Tuesday, December 25, 2012

No more cold hands: Ianovated wetsuit review

Keeping the hands warm in cold weather windsurfing is the critical issue for most windsurfers. Many of my friends who stop windsurfing sometime between October and December mention cold hands as the primary or even only reason (most of them have dry suits or very warm wetsuits). On the "Eastern and central USA" section of the iWindsurf forum, the "Which gloves are best" topic comes up every year when temperatures drop.

My lovely wife and I have found several solutions that have let us sail through the Cape Cod winter the last couple of years. She likes neoprene mittens, I prefer two-layer solutions like palmless gloves and nylon shells; but whatever we have used in the past, it has always made us sail conservatively: staying out of the water was way more important than trying fun stuff.

I believe that this is about to change! Several things have changed that make winter windsurfing easier: we finally got a van; we moved to Cape Cod, so that the drive to the best winter windsurfing spots is now only 40 minutes instead of 2 hours; and we have a jacuzzi and a sauna to warm up after a session. But the biggest difference will be the new wetsuit I recently received from Ianovated. I had an opportunity to test it in 38º F (4º C) weather two days ago, and it worked beautifully, keeping me and my hands nicely warm. Here's the full report.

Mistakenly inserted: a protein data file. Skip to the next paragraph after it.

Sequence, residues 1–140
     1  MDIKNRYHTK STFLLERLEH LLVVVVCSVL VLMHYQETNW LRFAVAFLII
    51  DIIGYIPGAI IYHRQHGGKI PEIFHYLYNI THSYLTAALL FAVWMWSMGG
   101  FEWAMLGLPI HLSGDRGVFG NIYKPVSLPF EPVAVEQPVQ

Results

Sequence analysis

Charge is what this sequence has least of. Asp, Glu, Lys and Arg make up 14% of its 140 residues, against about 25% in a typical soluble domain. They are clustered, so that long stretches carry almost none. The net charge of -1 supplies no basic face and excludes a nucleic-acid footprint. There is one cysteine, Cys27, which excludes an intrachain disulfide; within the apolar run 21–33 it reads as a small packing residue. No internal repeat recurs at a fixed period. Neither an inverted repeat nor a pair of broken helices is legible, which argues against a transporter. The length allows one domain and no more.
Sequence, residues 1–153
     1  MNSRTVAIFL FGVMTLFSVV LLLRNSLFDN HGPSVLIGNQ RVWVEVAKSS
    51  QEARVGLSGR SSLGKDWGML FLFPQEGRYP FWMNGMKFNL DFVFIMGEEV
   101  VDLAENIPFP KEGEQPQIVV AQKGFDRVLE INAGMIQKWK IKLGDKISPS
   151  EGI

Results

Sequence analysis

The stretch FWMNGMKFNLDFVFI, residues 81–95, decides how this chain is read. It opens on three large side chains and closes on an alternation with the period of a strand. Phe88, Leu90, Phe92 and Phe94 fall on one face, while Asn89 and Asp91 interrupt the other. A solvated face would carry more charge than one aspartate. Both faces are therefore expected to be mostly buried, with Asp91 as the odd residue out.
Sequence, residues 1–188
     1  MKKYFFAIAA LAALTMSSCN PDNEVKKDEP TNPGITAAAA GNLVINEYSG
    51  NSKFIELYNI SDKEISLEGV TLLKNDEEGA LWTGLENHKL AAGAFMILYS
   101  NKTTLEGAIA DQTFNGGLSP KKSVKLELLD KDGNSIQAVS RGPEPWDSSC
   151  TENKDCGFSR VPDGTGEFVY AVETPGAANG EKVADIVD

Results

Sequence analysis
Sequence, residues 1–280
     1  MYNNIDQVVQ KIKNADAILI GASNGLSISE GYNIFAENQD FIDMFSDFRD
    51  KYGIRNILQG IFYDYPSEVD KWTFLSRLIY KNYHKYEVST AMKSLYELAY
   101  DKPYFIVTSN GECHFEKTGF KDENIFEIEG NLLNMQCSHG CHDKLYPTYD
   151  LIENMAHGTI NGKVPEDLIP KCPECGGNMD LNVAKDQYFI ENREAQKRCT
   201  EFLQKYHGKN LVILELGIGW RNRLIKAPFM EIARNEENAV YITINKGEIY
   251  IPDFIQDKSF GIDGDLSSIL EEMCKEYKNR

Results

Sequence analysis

The idea behind the suit
The idea behind the suit is nicely described on the Ianovated web site: breathe out into tubes which then go through your suit and into mittens or regular gloves. The warm air of your breath warms up your hands while you are holding your boom. This allows you to constantly blow into your hands to warm them up, without having to take breaks! After first reading about the suit, I had tested the idea with some tubing and a regular semi-dry neoprene suit. It worked well enough, so I ordered the Ianovated suit.